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Bremmer, H. P.

    Image Credit: Wikipedia

    Full Name: Bremmer, H. P.

    Other Names:

    • Henricus Petrus Bremmer

    Gender: male

    Date Born: 1871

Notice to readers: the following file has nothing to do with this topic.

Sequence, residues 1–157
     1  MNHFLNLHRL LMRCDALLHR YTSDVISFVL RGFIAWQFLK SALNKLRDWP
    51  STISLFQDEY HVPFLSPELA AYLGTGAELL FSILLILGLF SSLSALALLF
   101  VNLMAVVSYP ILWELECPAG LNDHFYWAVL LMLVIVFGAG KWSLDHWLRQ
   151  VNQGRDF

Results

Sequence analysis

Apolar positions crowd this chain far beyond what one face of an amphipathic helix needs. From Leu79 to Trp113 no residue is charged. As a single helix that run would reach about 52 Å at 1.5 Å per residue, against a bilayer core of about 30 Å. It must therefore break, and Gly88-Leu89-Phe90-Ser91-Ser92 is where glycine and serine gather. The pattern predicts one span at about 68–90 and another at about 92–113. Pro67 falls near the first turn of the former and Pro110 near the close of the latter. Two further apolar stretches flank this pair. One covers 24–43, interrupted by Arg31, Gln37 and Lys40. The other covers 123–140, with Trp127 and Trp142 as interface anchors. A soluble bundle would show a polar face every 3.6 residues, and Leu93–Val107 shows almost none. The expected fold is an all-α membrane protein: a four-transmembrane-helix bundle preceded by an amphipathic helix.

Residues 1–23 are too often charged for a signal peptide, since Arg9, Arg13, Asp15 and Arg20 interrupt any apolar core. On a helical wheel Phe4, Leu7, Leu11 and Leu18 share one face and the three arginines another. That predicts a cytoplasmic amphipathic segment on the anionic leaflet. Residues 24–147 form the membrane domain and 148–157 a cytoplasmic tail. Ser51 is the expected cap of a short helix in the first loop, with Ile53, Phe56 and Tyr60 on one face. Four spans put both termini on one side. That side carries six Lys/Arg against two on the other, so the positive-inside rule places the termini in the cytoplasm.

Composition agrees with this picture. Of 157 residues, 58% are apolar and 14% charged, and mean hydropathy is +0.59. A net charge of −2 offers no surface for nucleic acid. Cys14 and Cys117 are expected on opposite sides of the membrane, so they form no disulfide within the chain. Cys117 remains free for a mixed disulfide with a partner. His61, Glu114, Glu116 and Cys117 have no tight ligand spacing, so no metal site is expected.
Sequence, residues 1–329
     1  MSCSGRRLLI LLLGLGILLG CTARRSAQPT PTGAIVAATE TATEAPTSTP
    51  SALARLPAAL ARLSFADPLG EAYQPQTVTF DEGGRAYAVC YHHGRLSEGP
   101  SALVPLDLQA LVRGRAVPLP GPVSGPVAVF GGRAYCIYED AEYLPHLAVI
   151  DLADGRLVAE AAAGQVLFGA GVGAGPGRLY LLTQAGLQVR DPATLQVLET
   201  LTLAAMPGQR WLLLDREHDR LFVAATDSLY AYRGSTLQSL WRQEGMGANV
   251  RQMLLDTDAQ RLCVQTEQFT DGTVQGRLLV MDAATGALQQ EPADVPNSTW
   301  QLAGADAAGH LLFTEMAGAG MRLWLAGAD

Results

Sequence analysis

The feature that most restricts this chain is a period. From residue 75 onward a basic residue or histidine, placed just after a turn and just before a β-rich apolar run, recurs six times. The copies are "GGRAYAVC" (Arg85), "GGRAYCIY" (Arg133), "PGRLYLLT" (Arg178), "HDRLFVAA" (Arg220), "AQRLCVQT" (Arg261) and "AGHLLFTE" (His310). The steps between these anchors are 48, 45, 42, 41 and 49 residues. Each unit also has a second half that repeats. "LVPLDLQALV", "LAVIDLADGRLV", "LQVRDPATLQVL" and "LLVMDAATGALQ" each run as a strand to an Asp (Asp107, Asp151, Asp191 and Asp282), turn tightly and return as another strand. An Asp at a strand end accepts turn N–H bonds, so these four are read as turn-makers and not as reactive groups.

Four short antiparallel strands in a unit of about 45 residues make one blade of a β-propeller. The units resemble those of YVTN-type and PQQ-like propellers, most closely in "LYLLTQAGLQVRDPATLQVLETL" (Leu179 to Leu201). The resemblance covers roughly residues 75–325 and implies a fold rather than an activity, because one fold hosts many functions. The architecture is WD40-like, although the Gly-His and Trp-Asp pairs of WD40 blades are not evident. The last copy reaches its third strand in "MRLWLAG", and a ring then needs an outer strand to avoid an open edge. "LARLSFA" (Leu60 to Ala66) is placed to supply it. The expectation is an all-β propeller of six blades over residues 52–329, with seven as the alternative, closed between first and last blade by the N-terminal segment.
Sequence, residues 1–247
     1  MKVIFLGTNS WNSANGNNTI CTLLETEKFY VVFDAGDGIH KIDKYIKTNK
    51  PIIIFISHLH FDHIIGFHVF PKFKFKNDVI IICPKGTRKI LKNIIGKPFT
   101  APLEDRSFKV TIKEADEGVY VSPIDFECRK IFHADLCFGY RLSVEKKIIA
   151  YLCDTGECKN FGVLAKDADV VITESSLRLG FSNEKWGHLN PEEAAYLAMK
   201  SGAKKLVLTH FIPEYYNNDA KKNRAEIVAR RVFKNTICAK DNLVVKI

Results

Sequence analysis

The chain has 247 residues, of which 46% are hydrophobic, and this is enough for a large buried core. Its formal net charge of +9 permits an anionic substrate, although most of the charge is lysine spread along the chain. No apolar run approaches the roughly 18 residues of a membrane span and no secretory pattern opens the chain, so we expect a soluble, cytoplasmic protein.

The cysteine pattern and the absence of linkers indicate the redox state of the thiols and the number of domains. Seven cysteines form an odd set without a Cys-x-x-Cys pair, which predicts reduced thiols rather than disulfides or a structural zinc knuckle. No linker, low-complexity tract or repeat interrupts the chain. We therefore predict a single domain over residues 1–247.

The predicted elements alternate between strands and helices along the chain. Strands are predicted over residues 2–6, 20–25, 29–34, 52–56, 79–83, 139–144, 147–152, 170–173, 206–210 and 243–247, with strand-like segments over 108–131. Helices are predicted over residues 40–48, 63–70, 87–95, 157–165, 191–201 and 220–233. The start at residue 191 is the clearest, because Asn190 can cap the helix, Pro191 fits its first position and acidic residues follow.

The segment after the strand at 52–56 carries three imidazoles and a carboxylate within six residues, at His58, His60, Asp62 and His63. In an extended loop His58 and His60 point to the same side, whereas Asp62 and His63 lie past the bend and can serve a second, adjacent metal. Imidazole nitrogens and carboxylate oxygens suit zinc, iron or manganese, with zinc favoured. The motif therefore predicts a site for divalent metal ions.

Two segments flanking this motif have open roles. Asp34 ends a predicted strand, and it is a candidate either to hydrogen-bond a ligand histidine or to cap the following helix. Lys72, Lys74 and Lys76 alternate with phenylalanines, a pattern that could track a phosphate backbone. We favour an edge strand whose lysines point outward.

Date Died: 1956

    Place Born: Leiden, South Holland, Netherlands

    Place Died: The Hague, South Holland, Netherlands

    Home Country/ies: Netherlands

    Subject Area(s): Dutch (culture or style)